Sligo Champion 15 March 1913
To the memory of Miss Maud Armstrong,
Tubbercurry, who died on the 15th March,
1912 – R.I.P.
Maud, you’re gone but not forgotten,
For they miss you from your place,
Ne’er again will they be happy
Till they meet you face to face.
I know well that your happy
In that bright celestial home,
In that high and heavenly mansion
God has built for His own.
Maud, you were good and courteous,
And to the poor as well as rich
You always were most kind.
Your companions now they miss you,
Your aunts and uncles sigh,
Whilst on bended knees they pray for you
To Him Who rules on High.
May God comfort now your parents,
Your brothers and sisters too,
And give them peace an comfort
Till again they meet with you.
Its sad to think in Kilcummin churchyard
Your body is laid down,
And ne’er again can they see it
Till the Archangel’s trumpet sounds.
But when the time at last arrives
That will end their earthly toil
It’s then, dear Maud, in a heavenly land
You will greet them with a smile.
With God’s mother and his angels
You will meet them on the shore,
And you will say my own my darling ones
We will never part no more.
–inserted by a sympathiser from Coolaney.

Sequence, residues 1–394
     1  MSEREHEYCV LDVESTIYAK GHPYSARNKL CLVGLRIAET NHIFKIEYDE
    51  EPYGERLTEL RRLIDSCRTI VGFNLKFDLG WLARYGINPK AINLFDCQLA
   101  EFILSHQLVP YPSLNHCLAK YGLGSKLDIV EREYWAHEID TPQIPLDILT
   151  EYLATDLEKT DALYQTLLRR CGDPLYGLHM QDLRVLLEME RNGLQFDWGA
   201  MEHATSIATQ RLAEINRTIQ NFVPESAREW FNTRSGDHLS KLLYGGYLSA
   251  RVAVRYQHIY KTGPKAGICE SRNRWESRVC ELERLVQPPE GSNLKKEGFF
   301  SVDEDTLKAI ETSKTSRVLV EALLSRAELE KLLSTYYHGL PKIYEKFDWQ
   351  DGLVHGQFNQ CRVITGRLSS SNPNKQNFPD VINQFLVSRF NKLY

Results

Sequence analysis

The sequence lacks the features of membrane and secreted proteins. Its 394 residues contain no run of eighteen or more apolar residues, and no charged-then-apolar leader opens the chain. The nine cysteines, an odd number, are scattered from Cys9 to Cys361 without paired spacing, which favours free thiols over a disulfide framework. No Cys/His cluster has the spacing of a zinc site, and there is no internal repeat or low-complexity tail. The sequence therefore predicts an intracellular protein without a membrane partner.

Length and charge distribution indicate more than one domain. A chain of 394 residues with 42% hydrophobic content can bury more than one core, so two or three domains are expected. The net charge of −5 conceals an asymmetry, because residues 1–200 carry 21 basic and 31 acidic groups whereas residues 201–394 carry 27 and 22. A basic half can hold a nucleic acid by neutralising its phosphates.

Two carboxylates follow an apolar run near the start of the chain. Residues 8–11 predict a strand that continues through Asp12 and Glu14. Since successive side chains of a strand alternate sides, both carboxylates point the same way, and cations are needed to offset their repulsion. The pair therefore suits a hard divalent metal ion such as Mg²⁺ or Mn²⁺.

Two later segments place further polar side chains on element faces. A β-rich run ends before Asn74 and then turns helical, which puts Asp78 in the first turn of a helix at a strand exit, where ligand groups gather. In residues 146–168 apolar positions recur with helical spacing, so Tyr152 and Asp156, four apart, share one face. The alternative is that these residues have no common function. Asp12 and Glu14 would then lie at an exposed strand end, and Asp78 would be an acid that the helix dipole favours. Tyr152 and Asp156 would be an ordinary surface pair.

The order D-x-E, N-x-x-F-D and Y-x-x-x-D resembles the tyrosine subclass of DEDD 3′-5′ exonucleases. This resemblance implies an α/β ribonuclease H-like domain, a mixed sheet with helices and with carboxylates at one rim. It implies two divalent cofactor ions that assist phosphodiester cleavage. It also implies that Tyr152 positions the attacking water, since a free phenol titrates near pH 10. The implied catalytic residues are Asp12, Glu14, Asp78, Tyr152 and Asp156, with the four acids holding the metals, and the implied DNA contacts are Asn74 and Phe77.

This elegy, with its short lines and fast rhythm, marks the first anniversary of the death of nineteen year old Maud Armstrong of Tubbercurry. It concentrates on those left behind, stresses how much they miss Maud and offers them some consolation by picturing her happy in Heaven where they will eventually meet her.
Maud Armstrong was the eldest daughter of Luke and Kate Armstrong, Wolfe Tone Square, Tubbercurry. Luke Armstrong was a prominent figure in Sligo nationalist politics and the family owned a shop in Tubbercurry.
The family in the 1901 census. They had twelve children, eleven were said to be still living, in the 1911 census. Maud was entered as Mary I in the 1911 census form.
Maud Armstrong was buried in Kilcummin churchyard which is in Cloonacool, Co. Sligo. I have no idea who the sympathiser in Coolaney, Co. Sligo was.
A lament for Maud was also published in the Sligo Champion at the time of her death in 1912.
Luke Armstrong had been involved in the Land League and the I.R.B. and spent some time in prison in 1882. Later he was elected to local government bodies and served as Chairman of the Board of Guardians, Tubbercurry. Jack Brennan records that Luke Armstrong was one of the 'four elder men from Tubbercurry' who bought rifles for the Volunteers in 1920.